Edited by Alex MSQ, 04 May 2012 - 07:42 AM.
Russian-Scottish CCAF unit idea.
Posted 04 May 2012 - 07:41 AM
Posted 04 May 2012 - 10:07 AM
Also Russian heraldic uses no shield or use French shield, cause of Russia has no and uses no european heraldic.
Well, it's actually right Ixxxl already told me this, so idea of last one crest belongs to him,
other ones are fruits of my own twisted fantasy
Well, it's right too. But we've tried to find something matches russian military tradition (no matter army or navy) as well as scottish. St.Andrew (and his cross) looks like obvious choise. But I'm eager to hear any other offers, actually, whole this thread is about listening opinions
Bear cavalry. I knew, it's just impossibe that someone didn't post one in this thread
Posted 04 May 2012 - 12:32 PM
Posted 07 May 2012 - 04:27 AM
That's been known since November-December of last year...
Posted 07 May 2012 - 04:45 AM
Oh... I never looked into those things, never wanted to join any, let alone form them, so I never knew that.
Posted 07 May 2012 - 05:11 AM
Posted 07 May 2012 - 05:20 AM
Well, I previously always tried to use , since it looks so much like: "It wasn't me, I'm just the musician.", but now I simply do eye-rolls in real life a lot, so I kinda express too many emotions with it.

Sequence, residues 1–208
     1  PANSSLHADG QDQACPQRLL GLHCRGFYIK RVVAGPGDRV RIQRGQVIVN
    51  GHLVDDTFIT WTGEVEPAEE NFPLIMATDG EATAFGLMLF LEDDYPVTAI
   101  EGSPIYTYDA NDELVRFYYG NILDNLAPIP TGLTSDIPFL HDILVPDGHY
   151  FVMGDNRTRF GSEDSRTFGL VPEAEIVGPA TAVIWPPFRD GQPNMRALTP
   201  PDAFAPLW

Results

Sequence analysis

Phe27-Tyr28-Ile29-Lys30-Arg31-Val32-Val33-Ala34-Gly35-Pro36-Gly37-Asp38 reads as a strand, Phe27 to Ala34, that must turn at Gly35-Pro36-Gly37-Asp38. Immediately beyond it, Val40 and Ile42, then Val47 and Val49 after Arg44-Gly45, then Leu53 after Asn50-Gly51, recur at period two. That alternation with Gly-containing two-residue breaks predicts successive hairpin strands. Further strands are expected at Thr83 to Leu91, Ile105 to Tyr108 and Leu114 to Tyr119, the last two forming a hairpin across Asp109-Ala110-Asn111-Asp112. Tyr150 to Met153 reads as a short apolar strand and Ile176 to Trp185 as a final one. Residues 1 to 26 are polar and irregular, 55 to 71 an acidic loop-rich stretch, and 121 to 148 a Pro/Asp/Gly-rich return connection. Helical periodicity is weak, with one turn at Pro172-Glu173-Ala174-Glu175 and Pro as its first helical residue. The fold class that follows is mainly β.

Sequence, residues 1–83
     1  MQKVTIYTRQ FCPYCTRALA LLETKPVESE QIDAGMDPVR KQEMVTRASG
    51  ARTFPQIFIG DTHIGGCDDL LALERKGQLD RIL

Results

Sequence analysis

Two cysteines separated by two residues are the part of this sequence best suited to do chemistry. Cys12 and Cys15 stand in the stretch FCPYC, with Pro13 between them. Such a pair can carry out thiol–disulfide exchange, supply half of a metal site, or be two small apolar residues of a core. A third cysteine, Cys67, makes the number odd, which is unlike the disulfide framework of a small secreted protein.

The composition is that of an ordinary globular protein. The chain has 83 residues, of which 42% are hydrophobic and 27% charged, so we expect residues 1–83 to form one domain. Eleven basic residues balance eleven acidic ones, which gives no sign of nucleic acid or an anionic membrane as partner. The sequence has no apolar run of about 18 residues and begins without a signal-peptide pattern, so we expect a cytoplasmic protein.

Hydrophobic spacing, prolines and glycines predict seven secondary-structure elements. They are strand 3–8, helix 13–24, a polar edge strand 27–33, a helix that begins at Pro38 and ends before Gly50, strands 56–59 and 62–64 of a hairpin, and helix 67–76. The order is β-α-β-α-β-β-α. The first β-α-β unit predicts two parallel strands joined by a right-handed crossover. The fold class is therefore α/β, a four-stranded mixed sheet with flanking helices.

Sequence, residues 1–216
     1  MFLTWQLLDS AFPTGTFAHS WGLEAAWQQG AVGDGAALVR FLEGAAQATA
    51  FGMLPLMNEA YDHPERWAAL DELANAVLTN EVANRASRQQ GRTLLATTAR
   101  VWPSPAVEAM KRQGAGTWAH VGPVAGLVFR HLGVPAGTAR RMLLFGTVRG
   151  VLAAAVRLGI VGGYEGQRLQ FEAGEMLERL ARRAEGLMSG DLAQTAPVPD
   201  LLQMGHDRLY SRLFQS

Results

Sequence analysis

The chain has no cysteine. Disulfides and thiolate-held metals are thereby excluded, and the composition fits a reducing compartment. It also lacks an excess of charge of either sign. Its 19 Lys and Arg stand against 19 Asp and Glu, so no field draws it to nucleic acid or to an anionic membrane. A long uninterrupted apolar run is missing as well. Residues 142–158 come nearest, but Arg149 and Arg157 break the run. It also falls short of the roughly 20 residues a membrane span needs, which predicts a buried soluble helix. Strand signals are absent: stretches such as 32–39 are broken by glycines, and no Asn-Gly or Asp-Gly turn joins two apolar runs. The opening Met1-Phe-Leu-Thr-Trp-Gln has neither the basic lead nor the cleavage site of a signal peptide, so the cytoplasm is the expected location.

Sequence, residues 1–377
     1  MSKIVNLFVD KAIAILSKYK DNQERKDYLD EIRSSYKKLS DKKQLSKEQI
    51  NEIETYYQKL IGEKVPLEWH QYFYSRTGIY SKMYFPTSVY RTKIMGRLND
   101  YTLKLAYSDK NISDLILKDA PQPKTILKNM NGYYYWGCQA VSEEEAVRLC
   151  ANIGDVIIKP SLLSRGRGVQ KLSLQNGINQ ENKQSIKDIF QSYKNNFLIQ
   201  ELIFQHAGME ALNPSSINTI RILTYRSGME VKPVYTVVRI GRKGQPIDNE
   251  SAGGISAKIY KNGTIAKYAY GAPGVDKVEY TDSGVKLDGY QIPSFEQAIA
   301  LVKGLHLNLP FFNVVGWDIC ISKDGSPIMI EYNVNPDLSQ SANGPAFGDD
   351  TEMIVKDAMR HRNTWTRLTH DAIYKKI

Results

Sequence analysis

Posted 07 May 2012 - 11:39 AM
Devs also said players probably will be able to create in-faction units. Looks like it's cancelled for now.
Posted 07 May 2012 - 01:43 PM
Yes, they said that, but they also added, "sometime after launch" to that sentence.
Posted 08 May 2012 - 02:15 AM
Posted 08 May 2012 - 02:19 AM
Well, if you look at Dihm's success with his Shieldwall, it's not that fatal for a group. But it sure isn't as great as if it was supported by a house diectly.
Posted 12 June 2012 - 04:02 PM
Posted 24 June 2012 - 07:06 AM
Gallowglass are originally from Scotland:
The term Galloglas (or "Gallowglass") is an Anglicisation of the Irish, Gallóglaigh ("foreign soldiers"), incorporating the word, Óglach, which is derived from oac, the Old Irish for "youths", but later meaning "soldier".
The first record of galloglas service under the Irish was in 1259, when Prince Aed O'Connor of Connaught received a dowry of 160 Scottish warriors from the daughter of the King of the Hebrides.
But since it was Irish settlers who settled in Scotland before all that I suppose you could say they were Irish in a way :-)
Edited by Midian, 24 June 2012 - 07:08 AM.
1 user(s) are reading this topic
0 members, 1 guests, 0 anonymous users